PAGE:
It’s no secret that heroin use is on the rise. In case you haven’t heard, heroin has become the new drug of choice. And while alcohol, meth, and cocaine abuse haven’t gone away, heroin addiction now surpasses every other addiction there is.
Just how much has heroin use exploded in the past decade or so? A lot. And while even a little is too much, between 2002 and 2013 heroin-related overdose deaths increased 286 percent. In 2013, nearly 500,000 people admitted to using heroin in the past year. That’s almost a half a million people using heroin, which must account for the approximately 30 that die every single day from its use.
Who is Using Heroin?
According to the Center for Disease Control (CDC), heroin use is spread amongst several different demographics and is not constitute of one particular “kind” of person. In fact, these days heroin use is most widespread throughout white suburban neighborhoods than any other location in the country.
Where before heroin use was primarily found amongst minorities in inner-city neighborhoods, it’s now found to be mainly used by whites who live outside large urban areas. But it doesn’t stop there, heroin is being used by everyone—white, black, male, female, young, and old, no one is immune.
The use of heroin has leaked into many different parts of society. The people most prone to heroin addiction are white males between the ages of 18 and 25 who make less than $20,000 a year. The largest increase in users was actually found in groups of people that aren’t typically exposed to heroin—think educated men and women in higher income brackets.
There is no longer a gap between classes when it comes to heroin use. Heroin doesn’t care if you’re a rich in a nice suburban neighborhood or a middle-class businessman in the city. Everyone is using it and it’s destroying countless lives across the country.
Why Such Widespread Use?
The rise of heroin use and addiction can be attributed to the wide distribution of prescription opioids that has been happening since the early 2000s. In 1991 there were 71 million prescriptions written for opioids such as hydrocodone and oxycodone products. In 2012 this number had jumped to 259 million, or enough for every American adult to have their own bottle of pills. And these pills are some of the most addictive “legal” substances known to man.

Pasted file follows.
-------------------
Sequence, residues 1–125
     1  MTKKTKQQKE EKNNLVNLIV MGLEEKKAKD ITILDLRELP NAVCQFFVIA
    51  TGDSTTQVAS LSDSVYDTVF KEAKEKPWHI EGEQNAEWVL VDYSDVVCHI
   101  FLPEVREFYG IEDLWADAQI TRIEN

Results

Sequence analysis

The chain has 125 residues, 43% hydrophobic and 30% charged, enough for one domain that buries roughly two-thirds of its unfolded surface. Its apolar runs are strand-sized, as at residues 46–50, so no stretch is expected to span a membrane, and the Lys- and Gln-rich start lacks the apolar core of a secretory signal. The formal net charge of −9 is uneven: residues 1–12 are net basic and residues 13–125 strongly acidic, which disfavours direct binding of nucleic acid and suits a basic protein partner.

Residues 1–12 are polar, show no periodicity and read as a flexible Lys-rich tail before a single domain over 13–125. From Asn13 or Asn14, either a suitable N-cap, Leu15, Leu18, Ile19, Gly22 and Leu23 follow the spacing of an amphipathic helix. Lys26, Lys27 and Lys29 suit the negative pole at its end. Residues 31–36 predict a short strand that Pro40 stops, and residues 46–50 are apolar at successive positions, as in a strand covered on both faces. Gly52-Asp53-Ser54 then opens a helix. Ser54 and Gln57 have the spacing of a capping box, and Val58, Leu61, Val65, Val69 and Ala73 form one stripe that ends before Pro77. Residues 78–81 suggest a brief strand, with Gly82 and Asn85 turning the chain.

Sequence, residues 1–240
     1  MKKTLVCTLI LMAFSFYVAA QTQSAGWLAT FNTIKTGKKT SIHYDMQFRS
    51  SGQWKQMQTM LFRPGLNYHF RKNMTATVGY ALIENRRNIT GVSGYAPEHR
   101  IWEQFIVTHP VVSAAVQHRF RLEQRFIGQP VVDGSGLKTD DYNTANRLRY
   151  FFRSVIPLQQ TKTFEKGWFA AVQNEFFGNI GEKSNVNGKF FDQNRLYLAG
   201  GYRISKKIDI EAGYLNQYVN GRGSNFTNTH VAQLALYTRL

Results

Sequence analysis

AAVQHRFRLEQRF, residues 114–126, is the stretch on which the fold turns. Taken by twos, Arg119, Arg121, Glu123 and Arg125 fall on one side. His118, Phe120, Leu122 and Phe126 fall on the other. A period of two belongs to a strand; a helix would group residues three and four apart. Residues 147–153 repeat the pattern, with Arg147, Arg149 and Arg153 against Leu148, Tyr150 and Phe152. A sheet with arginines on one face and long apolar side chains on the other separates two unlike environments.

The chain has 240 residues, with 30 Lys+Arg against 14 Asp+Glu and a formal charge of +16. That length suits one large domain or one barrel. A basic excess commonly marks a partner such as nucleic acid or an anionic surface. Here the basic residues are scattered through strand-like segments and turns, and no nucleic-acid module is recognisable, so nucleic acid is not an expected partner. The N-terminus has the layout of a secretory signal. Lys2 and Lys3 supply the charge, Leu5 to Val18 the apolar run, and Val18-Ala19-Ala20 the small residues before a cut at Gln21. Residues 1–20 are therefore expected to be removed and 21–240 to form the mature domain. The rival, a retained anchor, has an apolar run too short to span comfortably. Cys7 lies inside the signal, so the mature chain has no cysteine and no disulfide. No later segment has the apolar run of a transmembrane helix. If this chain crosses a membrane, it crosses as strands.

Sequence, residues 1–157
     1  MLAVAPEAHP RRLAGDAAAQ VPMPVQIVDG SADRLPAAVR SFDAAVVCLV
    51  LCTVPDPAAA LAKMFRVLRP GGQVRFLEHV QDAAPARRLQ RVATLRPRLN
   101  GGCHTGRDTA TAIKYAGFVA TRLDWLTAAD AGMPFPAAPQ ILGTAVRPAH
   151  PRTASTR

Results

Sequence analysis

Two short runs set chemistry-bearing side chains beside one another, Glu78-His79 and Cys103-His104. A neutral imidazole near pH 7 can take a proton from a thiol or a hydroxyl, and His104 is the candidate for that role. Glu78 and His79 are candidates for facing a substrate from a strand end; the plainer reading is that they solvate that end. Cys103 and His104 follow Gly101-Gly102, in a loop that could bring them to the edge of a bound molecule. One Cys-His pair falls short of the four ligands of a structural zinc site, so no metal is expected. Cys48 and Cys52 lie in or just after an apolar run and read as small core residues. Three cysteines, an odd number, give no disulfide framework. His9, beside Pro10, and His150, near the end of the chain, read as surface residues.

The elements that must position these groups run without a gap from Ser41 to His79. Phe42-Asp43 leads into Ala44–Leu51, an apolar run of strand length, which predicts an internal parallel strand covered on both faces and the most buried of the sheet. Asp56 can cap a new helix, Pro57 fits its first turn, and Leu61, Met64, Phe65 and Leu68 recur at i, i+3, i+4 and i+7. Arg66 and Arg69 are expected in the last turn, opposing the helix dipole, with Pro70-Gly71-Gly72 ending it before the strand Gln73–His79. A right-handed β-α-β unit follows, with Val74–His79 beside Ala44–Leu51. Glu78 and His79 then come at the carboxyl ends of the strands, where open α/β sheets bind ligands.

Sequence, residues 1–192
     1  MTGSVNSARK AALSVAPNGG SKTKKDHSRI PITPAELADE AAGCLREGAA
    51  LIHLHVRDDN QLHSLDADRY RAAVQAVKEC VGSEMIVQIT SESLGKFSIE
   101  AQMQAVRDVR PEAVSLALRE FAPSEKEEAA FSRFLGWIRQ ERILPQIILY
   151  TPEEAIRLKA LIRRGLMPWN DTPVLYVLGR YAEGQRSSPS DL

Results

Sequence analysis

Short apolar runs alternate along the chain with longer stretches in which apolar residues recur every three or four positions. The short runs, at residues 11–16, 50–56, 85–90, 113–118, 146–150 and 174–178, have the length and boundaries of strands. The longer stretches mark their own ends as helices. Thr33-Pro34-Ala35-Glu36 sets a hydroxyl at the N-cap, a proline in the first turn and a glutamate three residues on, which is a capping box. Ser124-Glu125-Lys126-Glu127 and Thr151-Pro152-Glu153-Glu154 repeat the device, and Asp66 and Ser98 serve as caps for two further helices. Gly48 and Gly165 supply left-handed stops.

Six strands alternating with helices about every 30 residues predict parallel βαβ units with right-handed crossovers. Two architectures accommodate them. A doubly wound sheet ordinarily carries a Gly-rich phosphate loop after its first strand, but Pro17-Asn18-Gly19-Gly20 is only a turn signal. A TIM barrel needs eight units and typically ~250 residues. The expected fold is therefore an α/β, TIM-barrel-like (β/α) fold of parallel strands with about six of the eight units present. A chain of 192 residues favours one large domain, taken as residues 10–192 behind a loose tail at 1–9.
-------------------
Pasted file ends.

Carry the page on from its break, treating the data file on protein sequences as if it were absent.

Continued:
So, while this is an alarming number of prescriptions, what exactly do prescription opioids have to do with heroin addiction? Basically, prescription opioids and heroin provide similar effects. And because opioid use had gotten so out of control (overdose deaths from prescription opioids have more than tripled in the last 20 years), there have been tighter restrictions on prescription medications. Not only have opioids become more expensive, but they’re manufactured so they’re more difficult to crush and snort. Because this is the most effective way to get the desired effects from people addicted to opioids, it’s become more and more difficult for them to continue using them as they have in the past.
In steps heroin. Not only is heroin cheaper and easier to attain than prescription opioids these days, but it also takes a lot less to achieve the desired sense of euphoria people that abuse pills are seeking. Heroin has taken over where prescription pills have failed. And as more and more people continue to use heroin every single day, more and more are losing their lives to dangerous dance they’re intimately engaged in with heroin.
Seeking Treatment for Heroin Addiction
There’s got to be an answer. Families are being torn apart and lives are unraveling faster from this drug epidemic than anyone’s ever seen. The exasperation found when seeking treatments that continue to end in relapse is frustrating to families and individuals who feel they’ve lost control and hope for ever experiencing a normal life again.
If you’ve been affected by heroin you know exactly what we mean. There are alternatives, and the hope you’re seeking is out there. If one treatment hasn’t worked it’s vital to try another until you find one that does.
Ibogaine is one such alternative and is showing unprecedented results when it comes to helping those with heroin addiction.
Rapid Relief from Physical and Psychological Withdrawal
One of the most difficult things about heroin is the intense physical withdrawal symptoms that occur when someone tries to quit. These painful and seemingly unbearable symptoms are a big reason why many stay addicted to this dangerous substance. Ibogaine however, resets the brain and vanquishes physical cravings for heroin within the first six hours after it’s administered.
When the body is no longer physically needs heroin, it’s much easier to work through the psychological issues associated with addiction. And this is precisely what Ibogaine guides patients to do. Not only does Ibogaine offset physical symptoms of heroin addiction, but it gets to the root of the psychological reasons behind dependency and encourages addicts to let go of the deep seeded pain and trauma that has caused their addiction in the first place.